It’s one of the joys of doing an anthology—there’s something for everyone.”

You are also the author of two middle grade novels that came out in 2021: Tristan Strong Keeps Punching (Disney Hyperion) and Last Gate of the Emperor (from Scholastic, along with co-author Prince Joel David Makonnen). For Black Boy Joy, you served as both a writer/contributor as well as the editor. How was it different to take on the role of editor? Have you thought about putting together another collection?

Well, I didn’t have to write as much; that was a plus. But there were logistics to manage and communications to handle that I wouldn’t normally deal with. But overall, it was a unique and wonderful experience, and if the idea comes for another anthology, I’d certainly pitch it.

Watch Our Lifting Voices Webinar With Kwame Mbalia and Black Boy Joy

Lifting Voices: Celebrating Black Boy Joy

What advice do you have for your young readers who would also like to become writers?

The advice I give to young writers varies from day to day because it’s such an individual experience. What works for you might not work for me and vice versa. But something that I think everyone can benefit from is a community of people who are excited to push you on your path and who thrive when you push them. Finding a group of writers to talk to, commiserate with, and even write with can be a delightful boost.

Something that I think everyone can benefit from is a community of people who are excited to push you on your path and who thrive when you push them.”

What advice do you have for educators hoping to cultivate creativity in their students?

Find what your students are passionate about and craft exercises and lessons around them. Is there an anime they like? Talk about character growth and antagonists. Is there a video game they enjoy? Do a writing exercise where you design an encounter or quest with branching storylines depending on choice.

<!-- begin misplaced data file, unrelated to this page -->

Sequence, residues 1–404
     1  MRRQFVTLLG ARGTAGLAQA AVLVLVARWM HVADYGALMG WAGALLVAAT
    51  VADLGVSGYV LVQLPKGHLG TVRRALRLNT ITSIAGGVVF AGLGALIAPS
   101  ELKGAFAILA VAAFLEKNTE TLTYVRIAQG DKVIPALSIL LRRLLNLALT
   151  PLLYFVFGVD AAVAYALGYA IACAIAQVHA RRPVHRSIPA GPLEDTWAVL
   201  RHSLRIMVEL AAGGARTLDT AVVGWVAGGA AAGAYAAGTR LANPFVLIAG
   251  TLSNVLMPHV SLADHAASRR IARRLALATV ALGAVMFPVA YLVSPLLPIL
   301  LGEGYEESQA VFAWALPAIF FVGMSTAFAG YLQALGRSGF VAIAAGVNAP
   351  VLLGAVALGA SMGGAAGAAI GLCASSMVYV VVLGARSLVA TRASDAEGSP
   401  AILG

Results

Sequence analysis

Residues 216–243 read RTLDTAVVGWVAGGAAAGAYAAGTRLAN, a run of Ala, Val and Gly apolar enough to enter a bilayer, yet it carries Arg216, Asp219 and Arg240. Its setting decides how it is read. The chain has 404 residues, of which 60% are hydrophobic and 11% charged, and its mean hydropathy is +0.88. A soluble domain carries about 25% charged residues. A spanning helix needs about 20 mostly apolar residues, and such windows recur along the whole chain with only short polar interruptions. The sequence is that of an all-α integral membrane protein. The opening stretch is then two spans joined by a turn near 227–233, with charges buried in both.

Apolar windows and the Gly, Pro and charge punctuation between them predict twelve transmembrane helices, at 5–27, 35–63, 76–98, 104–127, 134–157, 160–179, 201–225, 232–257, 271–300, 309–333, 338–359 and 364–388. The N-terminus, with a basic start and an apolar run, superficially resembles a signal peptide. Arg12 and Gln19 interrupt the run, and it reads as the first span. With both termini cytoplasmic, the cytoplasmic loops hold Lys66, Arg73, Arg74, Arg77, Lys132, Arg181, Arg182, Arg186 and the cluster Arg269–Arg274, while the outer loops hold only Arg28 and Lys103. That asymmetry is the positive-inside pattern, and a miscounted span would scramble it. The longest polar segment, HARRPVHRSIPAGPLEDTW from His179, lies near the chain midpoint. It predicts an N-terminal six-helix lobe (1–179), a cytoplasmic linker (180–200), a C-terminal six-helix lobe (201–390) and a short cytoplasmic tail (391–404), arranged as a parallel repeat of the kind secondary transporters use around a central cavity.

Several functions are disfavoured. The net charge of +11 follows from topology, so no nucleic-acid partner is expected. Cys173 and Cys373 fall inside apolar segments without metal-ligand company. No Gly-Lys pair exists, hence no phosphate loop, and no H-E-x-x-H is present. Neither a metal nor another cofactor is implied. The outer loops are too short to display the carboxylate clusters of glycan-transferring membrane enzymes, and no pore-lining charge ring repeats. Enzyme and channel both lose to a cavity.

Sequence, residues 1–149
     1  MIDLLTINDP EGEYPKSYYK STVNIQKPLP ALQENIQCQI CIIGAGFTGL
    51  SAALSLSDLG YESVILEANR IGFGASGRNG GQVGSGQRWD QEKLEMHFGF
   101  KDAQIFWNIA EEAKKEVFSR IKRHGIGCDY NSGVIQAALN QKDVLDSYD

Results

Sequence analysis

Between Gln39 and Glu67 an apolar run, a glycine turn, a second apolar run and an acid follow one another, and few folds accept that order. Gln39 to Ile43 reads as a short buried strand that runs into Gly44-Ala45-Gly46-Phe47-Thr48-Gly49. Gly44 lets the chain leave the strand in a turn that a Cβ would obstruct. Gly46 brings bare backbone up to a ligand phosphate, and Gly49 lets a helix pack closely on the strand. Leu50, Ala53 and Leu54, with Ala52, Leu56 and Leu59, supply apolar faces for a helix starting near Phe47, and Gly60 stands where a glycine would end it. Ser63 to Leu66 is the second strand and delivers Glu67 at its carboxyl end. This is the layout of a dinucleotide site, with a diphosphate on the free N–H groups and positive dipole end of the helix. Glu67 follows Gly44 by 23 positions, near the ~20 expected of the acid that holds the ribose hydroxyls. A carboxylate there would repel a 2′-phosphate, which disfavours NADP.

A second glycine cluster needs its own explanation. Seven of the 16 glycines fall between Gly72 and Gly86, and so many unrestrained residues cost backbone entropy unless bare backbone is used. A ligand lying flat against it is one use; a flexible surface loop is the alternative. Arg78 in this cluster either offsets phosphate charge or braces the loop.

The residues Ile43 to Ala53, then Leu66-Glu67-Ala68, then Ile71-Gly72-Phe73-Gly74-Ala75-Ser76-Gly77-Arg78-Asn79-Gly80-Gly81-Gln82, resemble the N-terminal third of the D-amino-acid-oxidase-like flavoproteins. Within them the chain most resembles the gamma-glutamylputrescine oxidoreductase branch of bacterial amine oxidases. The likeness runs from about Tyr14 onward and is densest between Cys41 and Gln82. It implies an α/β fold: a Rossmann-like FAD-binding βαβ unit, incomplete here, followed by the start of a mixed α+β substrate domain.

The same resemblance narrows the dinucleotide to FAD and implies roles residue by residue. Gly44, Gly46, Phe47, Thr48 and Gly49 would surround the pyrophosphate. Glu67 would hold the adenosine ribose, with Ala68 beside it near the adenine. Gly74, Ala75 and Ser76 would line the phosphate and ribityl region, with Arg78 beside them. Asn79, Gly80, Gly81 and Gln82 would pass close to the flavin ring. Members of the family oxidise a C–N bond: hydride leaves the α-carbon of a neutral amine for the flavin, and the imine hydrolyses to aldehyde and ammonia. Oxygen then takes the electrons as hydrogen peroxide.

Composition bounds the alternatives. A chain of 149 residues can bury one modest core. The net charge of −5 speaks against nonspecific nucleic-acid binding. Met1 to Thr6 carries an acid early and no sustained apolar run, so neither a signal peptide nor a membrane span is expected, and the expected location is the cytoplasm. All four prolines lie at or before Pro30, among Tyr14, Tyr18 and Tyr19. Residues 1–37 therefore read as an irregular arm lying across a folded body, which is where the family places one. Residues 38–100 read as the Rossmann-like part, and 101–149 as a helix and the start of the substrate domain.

Connect With Kwame Mbalia

One of the unifying elements between Black Boy Joy and your middle grade novels is the idea that stories are critical in shaping who we are; you make it clear that stories are what we carry from one generation to another. Can you talk a little more about the power of stories in your own life?

As a group of people whose stories were often erased and who struggle to get their histories told accurately in public settings, stories were often the means of giving lessons, passing warnings, and yes, entertaining. A good story enthralls and captivates and lingers long after it’s over. I think of stories my mother told me about our family, or that my father told me about survival. I also think of stories I discovered wandering through libraries and bookstores. Stories are transformative, both for the listener and the speaker.

Stories are transformative, both for the listener and the speaker.”

What kinds of books can your fans look forward to seeing from you in the future?

More contemporary fantasy, more futuristic science fiction, and more [about] Black kids living their best life.

What are the best ways for readers to connect with you or to follow you on social media?

I’m on Twitter @ksekoum, and you can also check out my website, kwamembalia.com.

Is there anything else you’d like to add?

Happy reading!

Leave a Comment

73 + = 80